NFPA Journal - May/June 2012 - (Page 28)

>> FIREWATCH from our files by Ken Tremblay A fire in a Rhode Island mill building went to eight alarms and was finally extinguished four days after it began. ManufactuRing Cutting torch fire destroys mill RHODE ISLAND—A large mill-type building that was being converted into a wood pellet manufacturing plant was destroyed by a fire that began when sparks from a cutting torch ignited its wooden support structure. The four-story building, which measured 300 feet (91 meters) by 50 feet (15 meters), was constructed of heavy timber and had brick walls, wooden floors, and a wooden roof. Its fire detection system was tied directly to the fire department. The fire sprinkler system had been turned off while the building was being renovated. The fire department received the alarm at 7:38 p.m. When firefighters arrived four minutes later, they could see no sign of fire on the outside of the building. While walking to the second floor, however, they smelled smoke and were informed that smoke was coming from several third-floor windows. When they got to the warehouse area on the second floor, they saw about 25 feet (8 meters) of fire near the ceiling. As smoke came pouring down the staircase, the firefighters made a fast exit and switched to exterior operations. Ultimately, the fire went to eight alarms, and the last unit was not cleared until four days later. Investigators determined that workers using cutting torches on piping inadvertently heated the wooden structural framing to its ignition point and that the building caught fire 60 to 90 minutes after they completed work for the day. Neither the value of the building and its contents nor damage estimates were reported. Two firefighters suf- fered dehydration while battling the fire and were transported from the scene by ambulance. Residential Man with mobility challenges dies in fire MICHIGAN—A man who used a wheelchair died in a fire in his singlefamily home. Another occupant tried unsuccessfully to extinguish the fire and move the victim out of harm’s way, but the intense smoke and heat made it impossible. The single-story, wood-frame house, which was 32 feet (10 meters) long and 29 feet (9 meters) wide, had a wooden roof deck covered with asphalt shingles. The house did not have a sprinkler system, but there was a battery-operated smoke alarm in the main hallway. 28 NFPA JOURNAL MAY/JUNE 2012 Photograph: AP Wide World Photos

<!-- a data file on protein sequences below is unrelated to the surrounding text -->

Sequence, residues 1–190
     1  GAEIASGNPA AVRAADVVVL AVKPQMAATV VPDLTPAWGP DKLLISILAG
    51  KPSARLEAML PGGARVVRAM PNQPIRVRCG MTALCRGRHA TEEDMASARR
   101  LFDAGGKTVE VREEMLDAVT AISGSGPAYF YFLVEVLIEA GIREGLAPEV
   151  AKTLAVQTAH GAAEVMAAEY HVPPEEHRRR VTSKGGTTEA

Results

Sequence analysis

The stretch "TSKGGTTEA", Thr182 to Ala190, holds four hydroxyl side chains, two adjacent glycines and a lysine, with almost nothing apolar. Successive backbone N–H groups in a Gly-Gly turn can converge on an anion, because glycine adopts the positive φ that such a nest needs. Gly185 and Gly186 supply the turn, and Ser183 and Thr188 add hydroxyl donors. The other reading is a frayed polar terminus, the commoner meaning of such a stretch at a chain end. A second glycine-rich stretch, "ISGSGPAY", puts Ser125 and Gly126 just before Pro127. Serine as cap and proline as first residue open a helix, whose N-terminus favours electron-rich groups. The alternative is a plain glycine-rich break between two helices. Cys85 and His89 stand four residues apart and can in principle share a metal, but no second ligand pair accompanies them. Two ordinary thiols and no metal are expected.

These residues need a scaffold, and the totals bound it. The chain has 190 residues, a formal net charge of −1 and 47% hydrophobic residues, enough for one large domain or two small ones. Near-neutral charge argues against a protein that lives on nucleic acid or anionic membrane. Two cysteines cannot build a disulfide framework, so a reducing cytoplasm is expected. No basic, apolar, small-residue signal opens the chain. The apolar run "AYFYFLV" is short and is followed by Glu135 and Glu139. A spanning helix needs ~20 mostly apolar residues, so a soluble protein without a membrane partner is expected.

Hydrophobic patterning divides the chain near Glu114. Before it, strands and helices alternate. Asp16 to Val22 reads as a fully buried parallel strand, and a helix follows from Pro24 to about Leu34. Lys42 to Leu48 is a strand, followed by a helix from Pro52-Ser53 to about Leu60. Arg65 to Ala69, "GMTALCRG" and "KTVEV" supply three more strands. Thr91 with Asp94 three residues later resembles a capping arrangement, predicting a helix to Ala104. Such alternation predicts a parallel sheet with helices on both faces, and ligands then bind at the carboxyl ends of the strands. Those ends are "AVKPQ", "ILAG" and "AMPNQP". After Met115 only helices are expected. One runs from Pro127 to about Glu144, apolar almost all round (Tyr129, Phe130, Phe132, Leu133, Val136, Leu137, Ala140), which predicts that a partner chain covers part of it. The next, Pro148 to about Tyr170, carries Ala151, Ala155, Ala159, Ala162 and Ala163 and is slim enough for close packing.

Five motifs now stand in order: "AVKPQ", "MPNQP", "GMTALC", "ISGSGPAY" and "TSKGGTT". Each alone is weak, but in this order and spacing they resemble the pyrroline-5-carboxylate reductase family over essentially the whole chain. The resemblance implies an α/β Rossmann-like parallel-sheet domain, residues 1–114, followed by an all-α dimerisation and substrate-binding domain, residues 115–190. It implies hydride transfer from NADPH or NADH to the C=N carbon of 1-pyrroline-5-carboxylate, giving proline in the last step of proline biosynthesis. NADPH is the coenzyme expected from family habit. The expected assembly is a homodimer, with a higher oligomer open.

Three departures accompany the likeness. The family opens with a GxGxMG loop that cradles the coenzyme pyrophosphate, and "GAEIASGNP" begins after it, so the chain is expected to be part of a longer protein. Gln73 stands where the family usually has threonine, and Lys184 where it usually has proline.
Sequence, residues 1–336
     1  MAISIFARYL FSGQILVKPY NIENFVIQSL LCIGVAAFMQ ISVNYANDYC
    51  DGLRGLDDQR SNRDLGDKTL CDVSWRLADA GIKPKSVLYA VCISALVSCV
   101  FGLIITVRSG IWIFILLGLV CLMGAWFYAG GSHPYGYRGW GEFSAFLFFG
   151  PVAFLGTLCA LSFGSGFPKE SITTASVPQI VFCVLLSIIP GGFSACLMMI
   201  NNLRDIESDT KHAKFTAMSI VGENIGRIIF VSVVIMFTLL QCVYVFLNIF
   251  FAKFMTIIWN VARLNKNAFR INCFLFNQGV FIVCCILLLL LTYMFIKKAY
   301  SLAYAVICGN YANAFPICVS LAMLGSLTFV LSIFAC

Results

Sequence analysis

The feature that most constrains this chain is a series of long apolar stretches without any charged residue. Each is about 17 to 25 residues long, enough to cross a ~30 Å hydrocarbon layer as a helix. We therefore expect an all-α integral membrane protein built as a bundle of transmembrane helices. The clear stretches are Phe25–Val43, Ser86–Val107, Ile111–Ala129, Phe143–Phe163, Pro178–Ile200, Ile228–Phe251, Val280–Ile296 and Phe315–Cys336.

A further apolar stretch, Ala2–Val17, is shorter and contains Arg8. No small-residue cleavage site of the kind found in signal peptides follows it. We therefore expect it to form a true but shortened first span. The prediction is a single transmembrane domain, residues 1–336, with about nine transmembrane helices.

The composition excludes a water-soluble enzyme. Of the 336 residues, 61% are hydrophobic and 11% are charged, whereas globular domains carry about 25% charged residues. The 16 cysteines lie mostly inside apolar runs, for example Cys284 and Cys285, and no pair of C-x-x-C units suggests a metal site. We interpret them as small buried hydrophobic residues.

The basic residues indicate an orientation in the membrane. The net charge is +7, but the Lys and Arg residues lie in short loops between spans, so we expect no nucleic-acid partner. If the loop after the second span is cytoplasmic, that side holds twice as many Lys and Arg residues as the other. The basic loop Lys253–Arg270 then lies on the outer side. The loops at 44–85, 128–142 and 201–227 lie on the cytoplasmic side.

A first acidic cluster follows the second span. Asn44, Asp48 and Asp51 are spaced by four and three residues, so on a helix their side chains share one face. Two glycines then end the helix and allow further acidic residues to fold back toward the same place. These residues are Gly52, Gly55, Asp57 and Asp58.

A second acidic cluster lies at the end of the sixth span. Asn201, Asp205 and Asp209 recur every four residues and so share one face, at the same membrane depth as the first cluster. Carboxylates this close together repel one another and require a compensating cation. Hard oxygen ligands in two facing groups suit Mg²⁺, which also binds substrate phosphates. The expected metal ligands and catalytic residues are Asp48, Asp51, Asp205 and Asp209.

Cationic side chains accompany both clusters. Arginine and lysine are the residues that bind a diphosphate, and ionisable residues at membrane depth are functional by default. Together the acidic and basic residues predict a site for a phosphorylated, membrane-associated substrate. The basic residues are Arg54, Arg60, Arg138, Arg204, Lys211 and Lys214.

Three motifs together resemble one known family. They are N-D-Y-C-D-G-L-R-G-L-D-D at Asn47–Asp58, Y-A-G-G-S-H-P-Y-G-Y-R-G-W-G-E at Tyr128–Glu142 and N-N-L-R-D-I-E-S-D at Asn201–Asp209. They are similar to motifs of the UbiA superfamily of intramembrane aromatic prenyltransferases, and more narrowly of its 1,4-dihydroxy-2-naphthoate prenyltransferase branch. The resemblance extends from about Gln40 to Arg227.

Table of Contents for the Digital Edition of NFPA Journal - May/June 2012

Nfpa Journal - May/june 2012
First Word
In a Flash
Heads Up
Structural Ops
In Compliance
Buzz Words
Electrical Safety
Wildfire Watch
Treasurer's Report
Signal Concern
Giant Steps
Sprinklered Menagerie?
Free Samples
Eye on Health Care
Membership: The Sections
Expo Preview: Exhibitors' Showcase
Looking Back

NFPA Journal - May/June 2012